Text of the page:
Cioran has also written essays. They demand the same kind of reading as the aphorisms. It just takes longer. In the landmark essays, the brilliance burns long and hard. Still, the tone remains more or less identical to the aphorisms. While the aphorisms give us the breathing space of a firebreak, the essays threaten suffocation. What is lost is the very sense of its inspiration, the surprise, the horror, the emptiness of the moment. Instead, Cioran has something to say. In ‘Beyond the Novel’, Cioran examines our self-conscious age with regard to what helped constitute it – the novel.
The essay develops out of the idea that the novel grew out of metaphysical poverty. It allowed us to understand our history and our psychology in a world where the old certainties were decaying. Yet now that the decay has reached a zero point, producing the kind of works bereft even of the certainty of the self as subject. If you don’t know what novels these are, they’re the ones NOT written by journalists. Yet however repulsively anachronistic the journalistic novel is (and virtually every novel published is a journalistic novel), Cioran wonders what is the point of writing more than one novel of absence:
“[the] implicit conception of this sort of art opposes to the erosion of being the inexhaustible reality of nothingness. Logically valueless, such a conception is nonetheless true affectively (to speak of nothingness in any other terms than affective one is a waste of time). It postulates a research without points of reference, an experiment pursued within an unfailing vacuity, a vacuity experienced through sensation, as well as a dialectic paradoxically frozen, motionless, a dynamism of monotony and emptiness. Is this not going around in circles? Ecstasy of non-meaning: the supreme impasse.”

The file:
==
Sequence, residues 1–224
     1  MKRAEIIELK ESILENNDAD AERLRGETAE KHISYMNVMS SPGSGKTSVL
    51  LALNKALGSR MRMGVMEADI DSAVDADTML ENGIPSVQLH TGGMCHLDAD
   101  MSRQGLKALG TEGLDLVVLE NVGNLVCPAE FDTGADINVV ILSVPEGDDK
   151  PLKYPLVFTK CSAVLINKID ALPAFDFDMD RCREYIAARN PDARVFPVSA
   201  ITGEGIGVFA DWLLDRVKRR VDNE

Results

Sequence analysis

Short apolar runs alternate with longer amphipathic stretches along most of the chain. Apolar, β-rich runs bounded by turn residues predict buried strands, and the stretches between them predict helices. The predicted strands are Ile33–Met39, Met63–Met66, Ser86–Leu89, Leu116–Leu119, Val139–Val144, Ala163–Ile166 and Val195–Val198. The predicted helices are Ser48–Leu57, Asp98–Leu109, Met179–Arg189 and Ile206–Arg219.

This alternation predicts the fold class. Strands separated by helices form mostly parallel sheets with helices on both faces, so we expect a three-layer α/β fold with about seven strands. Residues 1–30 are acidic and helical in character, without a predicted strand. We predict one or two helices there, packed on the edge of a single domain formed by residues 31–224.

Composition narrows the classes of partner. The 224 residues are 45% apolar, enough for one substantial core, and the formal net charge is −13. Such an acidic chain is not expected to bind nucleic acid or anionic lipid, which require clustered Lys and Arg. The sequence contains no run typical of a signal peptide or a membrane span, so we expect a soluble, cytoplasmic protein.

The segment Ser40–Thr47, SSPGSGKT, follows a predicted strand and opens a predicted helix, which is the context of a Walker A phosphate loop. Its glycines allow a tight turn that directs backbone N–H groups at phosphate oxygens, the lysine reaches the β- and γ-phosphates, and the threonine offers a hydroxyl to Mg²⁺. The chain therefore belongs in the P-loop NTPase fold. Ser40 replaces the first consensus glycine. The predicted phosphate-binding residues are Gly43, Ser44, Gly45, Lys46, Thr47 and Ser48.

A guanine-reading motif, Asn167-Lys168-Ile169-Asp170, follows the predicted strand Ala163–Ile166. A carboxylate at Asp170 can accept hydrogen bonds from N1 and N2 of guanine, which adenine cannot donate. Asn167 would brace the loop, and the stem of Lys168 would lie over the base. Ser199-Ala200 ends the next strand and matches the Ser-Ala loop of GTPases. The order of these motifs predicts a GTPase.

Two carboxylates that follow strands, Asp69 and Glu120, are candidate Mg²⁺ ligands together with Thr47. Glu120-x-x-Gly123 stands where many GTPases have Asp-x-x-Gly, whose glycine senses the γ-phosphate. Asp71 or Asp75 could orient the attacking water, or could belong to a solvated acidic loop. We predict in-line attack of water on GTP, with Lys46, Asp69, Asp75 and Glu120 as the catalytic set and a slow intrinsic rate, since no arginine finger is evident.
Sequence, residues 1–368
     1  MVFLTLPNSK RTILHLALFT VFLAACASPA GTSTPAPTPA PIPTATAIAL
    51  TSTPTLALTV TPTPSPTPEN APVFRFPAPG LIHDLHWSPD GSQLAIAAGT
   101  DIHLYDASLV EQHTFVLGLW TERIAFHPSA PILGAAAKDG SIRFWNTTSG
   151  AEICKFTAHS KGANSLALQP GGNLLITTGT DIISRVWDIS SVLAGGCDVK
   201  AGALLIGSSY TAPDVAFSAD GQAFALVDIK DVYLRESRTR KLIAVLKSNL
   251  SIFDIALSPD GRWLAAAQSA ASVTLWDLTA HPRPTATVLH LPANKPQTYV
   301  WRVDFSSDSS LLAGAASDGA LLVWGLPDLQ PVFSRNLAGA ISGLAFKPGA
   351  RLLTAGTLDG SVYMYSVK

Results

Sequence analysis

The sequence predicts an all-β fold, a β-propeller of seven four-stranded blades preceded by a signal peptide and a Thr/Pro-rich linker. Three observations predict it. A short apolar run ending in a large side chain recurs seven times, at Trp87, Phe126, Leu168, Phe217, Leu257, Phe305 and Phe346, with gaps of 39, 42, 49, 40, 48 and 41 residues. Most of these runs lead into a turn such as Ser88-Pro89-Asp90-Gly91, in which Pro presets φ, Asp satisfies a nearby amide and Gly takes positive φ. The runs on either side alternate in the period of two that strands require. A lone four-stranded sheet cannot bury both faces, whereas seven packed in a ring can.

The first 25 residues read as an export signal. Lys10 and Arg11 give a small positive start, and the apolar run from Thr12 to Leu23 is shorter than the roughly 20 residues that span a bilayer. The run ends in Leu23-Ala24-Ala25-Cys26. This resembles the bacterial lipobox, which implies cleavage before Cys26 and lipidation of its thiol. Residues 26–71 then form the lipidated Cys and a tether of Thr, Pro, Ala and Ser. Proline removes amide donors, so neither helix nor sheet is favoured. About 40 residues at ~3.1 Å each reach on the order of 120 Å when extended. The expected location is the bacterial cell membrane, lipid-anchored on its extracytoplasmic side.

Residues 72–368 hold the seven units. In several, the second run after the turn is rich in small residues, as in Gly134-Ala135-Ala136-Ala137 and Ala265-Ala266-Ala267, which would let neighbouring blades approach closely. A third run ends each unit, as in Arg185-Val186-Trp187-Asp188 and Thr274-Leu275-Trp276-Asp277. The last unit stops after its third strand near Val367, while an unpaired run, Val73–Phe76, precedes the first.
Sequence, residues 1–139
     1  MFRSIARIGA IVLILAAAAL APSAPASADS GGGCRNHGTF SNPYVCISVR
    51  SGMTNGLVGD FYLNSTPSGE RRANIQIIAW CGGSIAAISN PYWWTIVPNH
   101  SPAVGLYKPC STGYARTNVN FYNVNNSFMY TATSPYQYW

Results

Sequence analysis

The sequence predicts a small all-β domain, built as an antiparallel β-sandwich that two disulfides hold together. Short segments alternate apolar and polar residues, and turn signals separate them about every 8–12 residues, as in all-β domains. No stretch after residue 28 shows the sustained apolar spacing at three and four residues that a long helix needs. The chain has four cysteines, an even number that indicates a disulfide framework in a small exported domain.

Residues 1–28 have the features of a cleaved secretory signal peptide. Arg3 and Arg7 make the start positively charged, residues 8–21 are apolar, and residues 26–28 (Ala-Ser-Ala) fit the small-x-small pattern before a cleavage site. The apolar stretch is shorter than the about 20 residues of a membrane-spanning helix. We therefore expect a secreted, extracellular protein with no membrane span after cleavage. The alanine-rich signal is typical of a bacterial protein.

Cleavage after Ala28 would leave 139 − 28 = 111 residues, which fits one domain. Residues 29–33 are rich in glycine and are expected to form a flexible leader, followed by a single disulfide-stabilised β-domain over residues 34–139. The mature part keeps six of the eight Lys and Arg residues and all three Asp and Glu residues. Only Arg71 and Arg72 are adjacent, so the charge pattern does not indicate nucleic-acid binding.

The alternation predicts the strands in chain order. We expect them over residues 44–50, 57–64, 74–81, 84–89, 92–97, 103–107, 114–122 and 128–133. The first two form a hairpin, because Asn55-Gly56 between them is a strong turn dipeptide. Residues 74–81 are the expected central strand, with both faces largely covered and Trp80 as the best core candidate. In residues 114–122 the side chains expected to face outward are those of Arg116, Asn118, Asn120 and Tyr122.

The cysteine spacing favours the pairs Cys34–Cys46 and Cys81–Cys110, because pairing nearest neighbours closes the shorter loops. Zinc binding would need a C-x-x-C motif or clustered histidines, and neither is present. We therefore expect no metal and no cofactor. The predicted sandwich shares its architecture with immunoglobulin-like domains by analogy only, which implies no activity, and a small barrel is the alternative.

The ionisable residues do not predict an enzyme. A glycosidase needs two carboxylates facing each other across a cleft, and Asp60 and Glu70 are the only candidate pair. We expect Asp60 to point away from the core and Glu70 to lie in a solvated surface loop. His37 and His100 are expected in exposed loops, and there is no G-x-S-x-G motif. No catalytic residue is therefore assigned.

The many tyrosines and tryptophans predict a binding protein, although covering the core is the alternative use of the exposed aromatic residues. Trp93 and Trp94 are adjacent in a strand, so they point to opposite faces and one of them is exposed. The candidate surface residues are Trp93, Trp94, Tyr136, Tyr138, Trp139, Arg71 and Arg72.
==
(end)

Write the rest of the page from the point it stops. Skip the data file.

This passage – representative of the whole – jerks the steering wheel as if to herald an eternal roundabout. But this will be Cioran’s own journey. Instead of condemning the novelist, and thereby commending his own judgement, Cioran gives him the benefit of the doubt. “Is [the novel] really dead, or only dying? My incompetence keeps me from making up my mind … I leave it to others, more expert, to establish the precise degree of its agony.”
Instead of only railing against repetitious failure, Cioran gives us the guidelines to which potential writers must abide if they are to create an art for the wilderness. In Kafka’s words, this is the help going away without helping. ‘Beyond the Novel’ adds to the demands of genuine creation, and thus the unexpected joy of what has been and might be achieved. Instead of postmodern cacophony – its sloppy apologia borne on positive negativism – we get to hear the silence behind the noise. One thinks of Beckett, of course, and the equally great Thomas Bernhard. To confirm this, Cioran pulls up in a lay-by and, in a passage one might describe as uncharacteristic, seems to hold back from hopelessness and bitter regret: